New energy policies will exacerbate inflation in the developed world, raising price levels by 20-30%. Or more, due to feedback loops. We find this inflation could also cause new energies costs to rise over time, not fall. As inflation concerns accelerate, policymakers may need to choose between delaying decarbonization or lower-cost transition pathways.
The importance of costs on the roadmap to net zero evokes a surprising amount of debate. We re-cap these debates, including our own roadmap on pages 2-3. Recently, organizations such as the IEA have published a roadmap, which we believe will be c10x more expensive.
The inflationary impacts of energy transition can be compared for different levels of abatement costs. Hence we discuss the concept of abatement costs, including two paradoxes, on pages 4-5.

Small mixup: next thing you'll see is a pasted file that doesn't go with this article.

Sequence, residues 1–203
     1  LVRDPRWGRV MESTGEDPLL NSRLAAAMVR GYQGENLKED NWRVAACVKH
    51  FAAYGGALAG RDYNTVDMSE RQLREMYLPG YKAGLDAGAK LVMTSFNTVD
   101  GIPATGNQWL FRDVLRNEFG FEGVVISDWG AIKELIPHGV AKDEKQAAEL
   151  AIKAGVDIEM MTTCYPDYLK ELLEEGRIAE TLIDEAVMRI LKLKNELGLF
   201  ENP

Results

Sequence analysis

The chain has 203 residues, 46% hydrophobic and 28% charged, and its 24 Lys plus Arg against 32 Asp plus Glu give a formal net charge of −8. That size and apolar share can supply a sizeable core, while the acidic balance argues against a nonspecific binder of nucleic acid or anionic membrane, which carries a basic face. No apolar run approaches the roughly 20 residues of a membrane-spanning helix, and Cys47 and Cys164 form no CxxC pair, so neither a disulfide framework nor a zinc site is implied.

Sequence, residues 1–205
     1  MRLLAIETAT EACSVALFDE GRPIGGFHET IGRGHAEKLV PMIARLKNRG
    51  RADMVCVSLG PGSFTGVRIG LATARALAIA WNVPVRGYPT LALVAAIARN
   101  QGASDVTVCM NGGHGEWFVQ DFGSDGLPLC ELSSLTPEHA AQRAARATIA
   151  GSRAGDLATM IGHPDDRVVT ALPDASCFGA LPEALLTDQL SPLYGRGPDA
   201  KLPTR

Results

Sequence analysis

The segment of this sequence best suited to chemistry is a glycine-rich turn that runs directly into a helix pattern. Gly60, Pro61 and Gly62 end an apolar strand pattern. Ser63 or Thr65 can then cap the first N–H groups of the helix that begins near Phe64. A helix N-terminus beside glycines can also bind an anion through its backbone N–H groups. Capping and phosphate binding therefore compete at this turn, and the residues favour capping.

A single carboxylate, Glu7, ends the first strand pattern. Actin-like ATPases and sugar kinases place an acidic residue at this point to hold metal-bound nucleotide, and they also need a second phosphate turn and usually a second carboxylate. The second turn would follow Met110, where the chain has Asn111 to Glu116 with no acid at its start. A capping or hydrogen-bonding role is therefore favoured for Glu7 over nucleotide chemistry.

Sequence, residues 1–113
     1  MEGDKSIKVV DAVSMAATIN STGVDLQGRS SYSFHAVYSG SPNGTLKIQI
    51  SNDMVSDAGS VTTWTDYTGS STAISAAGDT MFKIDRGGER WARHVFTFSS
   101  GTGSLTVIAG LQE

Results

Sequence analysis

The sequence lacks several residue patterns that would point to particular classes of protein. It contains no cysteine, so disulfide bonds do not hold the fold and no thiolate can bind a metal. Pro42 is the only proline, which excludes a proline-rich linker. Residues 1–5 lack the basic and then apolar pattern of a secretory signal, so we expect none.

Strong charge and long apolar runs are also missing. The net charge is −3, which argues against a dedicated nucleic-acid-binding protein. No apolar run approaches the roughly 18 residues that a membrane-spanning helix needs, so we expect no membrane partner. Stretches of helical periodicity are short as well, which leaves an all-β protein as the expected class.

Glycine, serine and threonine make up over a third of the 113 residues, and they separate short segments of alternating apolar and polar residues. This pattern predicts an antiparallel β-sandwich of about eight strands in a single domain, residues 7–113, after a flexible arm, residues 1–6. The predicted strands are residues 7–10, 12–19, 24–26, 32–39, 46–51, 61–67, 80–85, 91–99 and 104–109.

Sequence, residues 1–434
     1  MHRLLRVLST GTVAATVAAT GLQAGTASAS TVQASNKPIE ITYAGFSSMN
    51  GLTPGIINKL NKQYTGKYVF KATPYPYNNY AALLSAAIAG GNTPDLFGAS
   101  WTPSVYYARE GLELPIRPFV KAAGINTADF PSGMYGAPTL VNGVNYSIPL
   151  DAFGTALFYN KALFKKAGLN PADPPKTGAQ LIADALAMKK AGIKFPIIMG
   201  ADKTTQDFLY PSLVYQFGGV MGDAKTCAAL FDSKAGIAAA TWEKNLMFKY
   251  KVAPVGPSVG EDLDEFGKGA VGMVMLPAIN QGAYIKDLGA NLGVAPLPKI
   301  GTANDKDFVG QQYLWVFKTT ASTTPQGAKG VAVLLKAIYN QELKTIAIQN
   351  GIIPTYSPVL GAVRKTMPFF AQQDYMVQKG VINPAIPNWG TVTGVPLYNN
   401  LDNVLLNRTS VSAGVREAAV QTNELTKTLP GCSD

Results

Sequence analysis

Top-down, we calculate that each $100/ton of CO2 abatement cost would likely lead to 6% aggregate price increases in the developed world, on page 6.
Bottom-up, we model that each $100/ton of CO2 abatement cost would lead to 2-70% price increases, across a basket of twenty different goods and commodities, on pages 7-8. The impacts are regressive and basic goods and staples rise more.
An additional source of inflation comes from supply-demand dynamics, as some materials will be dramatically under-supplied in the energy transition (page 9).
What does it mean for new energies? To answer this question, we bridge the impacts of all these cost increases in our models of wind, solar, hydrogen and batteries, on pages 10-12. There are surprising feedback loops, which could amplify inflation.
No brakes? We also find that the usual mechanism to slow inflation is blunted by the need for an energy transition, on pages 13-14. Hence if inflation accelerates, it could surprise by a wide margin.
Our conclusion is that policy-makers and companies should consider costs more closely, while there are measures for investors to inflation-proof portfolios.